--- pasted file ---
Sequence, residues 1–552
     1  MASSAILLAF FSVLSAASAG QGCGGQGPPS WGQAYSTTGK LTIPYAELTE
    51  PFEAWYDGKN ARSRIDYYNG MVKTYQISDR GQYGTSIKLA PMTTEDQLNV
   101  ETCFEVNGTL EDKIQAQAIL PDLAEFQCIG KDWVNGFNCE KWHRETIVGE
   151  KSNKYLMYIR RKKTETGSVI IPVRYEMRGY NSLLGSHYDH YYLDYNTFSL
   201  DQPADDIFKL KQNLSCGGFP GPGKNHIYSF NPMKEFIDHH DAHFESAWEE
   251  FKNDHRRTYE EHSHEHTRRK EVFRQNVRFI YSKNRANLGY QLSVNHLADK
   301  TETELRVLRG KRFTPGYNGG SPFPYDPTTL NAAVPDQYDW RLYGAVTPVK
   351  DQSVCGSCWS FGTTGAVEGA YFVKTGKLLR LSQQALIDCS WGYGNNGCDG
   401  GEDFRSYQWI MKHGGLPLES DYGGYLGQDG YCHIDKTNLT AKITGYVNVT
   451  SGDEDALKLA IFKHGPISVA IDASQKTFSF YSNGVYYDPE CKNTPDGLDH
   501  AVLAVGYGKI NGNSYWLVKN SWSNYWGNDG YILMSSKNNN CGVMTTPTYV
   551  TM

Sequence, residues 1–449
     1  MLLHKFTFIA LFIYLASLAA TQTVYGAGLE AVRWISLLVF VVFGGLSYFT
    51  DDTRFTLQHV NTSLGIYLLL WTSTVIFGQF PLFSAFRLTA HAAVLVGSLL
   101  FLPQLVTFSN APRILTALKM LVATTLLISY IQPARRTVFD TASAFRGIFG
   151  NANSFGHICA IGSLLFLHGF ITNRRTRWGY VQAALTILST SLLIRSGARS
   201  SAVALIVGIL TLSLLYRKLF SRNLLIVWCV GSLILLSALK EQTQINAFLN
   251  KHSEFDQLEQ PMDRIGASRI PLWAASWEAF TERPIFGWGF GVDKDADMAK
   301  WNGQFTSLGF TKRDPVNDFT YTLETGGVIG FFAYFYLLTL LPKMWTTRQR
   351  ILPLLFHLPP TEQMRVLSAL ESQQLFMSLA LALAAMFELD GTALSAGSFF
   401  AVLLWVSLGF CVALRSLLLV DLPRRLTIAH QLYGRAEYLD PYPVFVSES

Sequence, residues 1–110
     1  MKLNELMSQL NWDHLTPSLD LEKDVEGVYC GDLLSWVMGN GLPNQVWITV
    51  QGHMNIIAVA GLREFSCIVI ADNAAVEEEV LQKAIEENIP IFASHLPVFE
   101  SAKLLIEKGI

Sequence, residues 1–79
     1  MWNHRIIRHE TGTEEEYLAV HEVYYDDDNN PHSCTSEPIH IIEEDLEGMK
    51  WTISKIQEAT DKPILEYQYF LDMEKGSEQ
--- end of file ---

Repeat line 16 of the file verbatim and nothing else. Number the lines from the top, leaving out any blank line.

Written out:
    51  DDTRFTLQHV NTSLGIYLLL WTSTVIFGQF PLFSAFRLTA HAAVLVGSLL